Wednesday, 8 December 2010

Something going on behind the scenes?

A certain web forum that I spend time looking at has been allowing a particularly obnoxious individual to make the experience of visiting said web forum a particularly challenging experience.

That particular person either jumped or was pushed a week or so ago. But it took weeks of shit before this happened. Fair enough. I like the fact that this particular site is laissez-faire about what people choose to say, although if someone is genuinely disruptive, and doesn't respond to polite requests to change, I think at some point, the bouncers have to step in and throw the guy out on the street.

But there's another particular person, who posts abstract poetry. Has done so for years. The greatest transgression of forum rules this poet commits is to post these poems in inappropriate parts of the suite of forums. In this case, as soon as site admin become aware of the poet's latest identity, he is banned, and his posts are removed.

So I find myself intrigued at what has gone on in the past to cause poet person to become persona non grata for years upon end.

One suggestion I've heard is that the poet is actually a music journalist. Perhaps he's done a particularly negative and vitriolic review of the site owner?

By the way, this post takes me to 154 posts for the year, exactly equalling my total number of posts for the years 2008 and 2009 combined. Way too much time on my hands, obviously.

It's also 5 days since I had a cigarette. I haven't had one of those nauseating chewing gum things today either. Now the real battle starts. Since I've not had a cigarette for that long, I know that if I do have one I will get a wonderful 10 second buzz from one if I do smoke it. Doesn't seem worth it, intellectually speaking does it, but we're not really rational creatures, or not solely so anyway.

Edit:

Ah, fuck. He jumped, and he had a bunjee.

Seriously, I've seen so many discussion boards utterly ruined by mentally ill people. What can you do?

Further edit:

Life's a riot, I tell thee!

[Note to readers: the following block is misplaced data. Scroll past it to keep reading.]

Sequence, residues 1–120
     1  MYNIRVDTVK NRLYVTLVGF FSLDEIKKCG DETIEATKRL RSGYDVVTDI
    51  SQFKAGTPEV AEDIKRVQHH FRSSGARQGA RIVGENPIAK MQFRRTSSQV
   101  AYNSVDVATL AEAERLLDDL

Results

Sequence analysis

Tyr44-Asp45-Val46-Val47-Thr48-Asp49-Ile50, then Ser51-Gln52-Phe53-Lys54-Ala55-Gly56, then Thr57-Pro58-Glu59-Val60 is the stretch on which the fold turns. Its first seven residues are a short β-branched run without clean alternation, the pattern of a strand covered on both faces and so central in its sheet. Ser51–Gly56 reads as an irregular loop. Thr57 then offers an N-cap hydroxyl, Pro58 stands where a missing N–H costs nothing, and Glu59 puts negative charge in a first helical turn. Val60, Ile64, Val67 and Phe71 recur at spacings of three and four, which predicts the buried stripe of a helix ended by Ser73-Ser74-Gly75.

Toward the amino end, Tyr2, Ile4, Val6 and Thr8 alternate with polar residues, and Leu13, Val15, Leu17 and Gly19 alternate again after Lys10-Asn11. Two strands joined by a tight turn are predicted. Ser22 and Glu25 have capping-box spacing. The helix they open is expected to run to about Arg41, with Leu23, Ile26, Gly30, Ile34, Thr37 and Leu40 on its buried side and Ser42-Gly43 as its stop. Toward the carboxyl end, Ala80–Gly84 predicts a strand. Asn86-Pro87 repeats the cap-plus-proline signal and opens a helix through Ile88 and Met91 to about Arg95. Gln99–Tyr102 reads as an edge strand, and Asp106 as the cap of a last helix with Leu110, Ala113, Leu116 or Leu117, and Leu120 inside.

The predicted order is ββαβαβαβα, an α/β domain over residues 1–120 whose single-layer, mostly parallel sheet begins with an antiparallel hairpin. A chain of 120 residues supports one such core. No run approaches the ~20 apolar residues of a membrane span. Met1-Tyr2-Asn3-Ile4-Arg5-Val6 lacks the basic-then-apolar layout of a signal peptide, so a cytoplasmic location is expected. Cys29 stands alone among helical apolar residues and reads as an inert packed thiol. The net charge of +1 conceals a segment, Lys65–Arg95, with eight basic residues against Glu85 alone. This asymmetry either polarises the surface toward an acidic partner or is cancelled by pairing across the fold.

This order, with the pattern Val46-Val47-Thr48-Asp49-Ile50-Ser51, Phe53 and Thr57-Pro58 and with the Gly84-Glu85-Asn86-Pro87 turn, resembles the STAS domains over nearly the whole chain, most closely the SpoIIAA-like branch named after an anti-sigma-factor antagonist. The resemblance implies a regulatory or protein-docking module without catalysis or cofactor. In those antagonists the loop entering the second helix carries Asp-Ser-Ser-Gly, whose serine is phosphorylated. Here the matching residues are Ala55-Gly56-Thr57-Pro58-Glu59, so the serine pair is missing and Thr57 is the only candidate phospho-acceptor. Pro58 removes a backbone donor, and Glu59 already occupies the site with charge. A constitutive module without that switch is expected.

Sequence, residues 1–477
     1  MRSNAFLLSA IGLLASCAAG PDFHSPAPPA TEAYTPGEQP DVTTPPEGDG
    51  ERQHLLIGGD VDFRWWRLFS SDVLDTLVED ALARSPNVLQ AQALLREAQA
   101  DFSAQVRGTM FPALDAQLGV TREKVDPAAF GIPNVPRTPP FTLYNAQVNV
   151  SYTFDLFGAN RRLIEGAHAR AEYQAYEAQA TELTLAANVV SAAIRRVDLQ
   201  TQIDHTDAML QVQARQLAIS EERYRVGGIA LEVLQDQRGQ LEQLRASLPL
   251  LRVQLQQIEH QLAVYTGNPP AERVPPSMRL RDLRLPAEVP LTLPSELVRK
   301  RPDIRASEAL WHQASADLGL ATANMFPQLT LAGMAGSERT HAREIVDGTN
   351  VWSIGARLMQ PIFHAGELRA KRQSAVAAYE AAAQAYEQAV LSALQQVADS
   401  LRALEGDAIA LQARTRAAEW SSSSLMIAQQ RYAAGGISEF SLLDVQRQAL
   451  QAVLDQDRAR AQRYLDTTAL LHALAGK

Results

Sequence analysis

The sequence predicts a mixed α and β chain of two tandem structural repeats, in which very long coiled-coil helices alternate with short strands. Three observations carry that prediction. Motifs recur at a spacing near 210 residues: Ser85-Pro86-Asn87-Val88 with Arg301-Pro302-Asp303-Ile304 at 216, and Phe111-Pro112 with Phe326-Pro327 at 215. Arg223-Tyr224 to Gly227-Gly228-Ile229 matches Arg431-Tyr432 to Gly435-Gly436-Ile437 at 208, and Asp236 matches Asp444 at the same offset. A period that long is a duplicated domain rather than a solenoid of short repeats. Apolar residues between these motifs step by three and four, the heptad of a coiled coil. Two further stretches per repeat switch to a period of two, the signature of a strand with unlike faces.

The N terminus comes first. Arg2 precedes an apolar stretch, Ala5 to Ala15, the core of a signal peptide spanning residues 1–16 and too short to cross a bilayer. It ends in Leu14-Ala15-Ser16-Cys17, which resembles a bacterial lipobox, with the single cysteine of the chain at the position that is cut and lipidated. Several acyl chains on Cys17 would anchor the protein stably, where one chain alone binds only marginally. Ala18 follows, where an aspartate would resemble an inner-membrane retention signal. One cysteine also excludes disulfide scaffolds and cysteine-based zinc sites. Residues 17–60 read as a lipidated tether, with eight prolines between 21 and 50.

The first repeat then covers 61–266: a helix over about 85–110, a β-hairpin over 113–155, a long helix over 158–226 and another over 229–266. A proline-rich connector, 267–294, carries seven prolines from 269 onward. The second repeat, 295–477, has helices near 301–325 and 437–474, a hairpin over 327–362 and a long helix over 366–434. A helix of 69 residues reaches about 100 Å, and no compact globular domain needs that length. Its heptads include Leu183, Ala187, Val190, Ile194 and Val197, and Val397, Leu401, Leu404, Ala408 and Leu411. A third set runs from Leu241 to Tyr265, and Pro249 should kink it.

Chances are, if you're reading this blog, you also spend time on the discussion board I'm talking about. Maybe you even watched events unfold?

Just in case you missed it, Captain Caveman once again went into the breach with all guns blazing. And got hit by a withering broadside. And then, to really rub his nose into it, the site admin isolated the withering broadside in question, gave it a thread of it's own, and locked the thread so that Cavey couldn't carry it on.

Class! I don't know if they banned Cap'n C, but I doubt if he'll be back.

Huzzah!

Mastermind

My wife sent me this. I was going to put it on my political bit, but wordpress doesn't seem to like .wmv files, so I'm trying here.

Get high

What I've seen of Jonathan Meades' work over the years has been entertaining and interesting. A unique voice for sure.


About a year ago, I bought a DVD collection. It's called "The Jonathan Meades Collection". Having bought it, I let it gather dust, but finally tonight, I've got round to watching some of it. I watched an episode of "Abroad in Britain" called "Severn Heaven", and "Get High", from "Further abroad".

The first was mainly about the folk architecture of the Severn Valley. The second was about vertigo.

You can watch get high in three parts in this post.

Part one:



Part two:



Part three:

Monday, 6 December 2010

Hypnolady

I've not had a cigarette for about 2 days. And it's been fairly easy as usual.

Last year, I went to see a hypnotherapist. She charged me £150 for her services, and the session consisted of a long session beforehand where we had a discussion, and she gave me a big spiel, followed by about half an hour sitting on an enormous and comfortable leather chair with headphones on while she talked over a tape that played music and subliminal messages.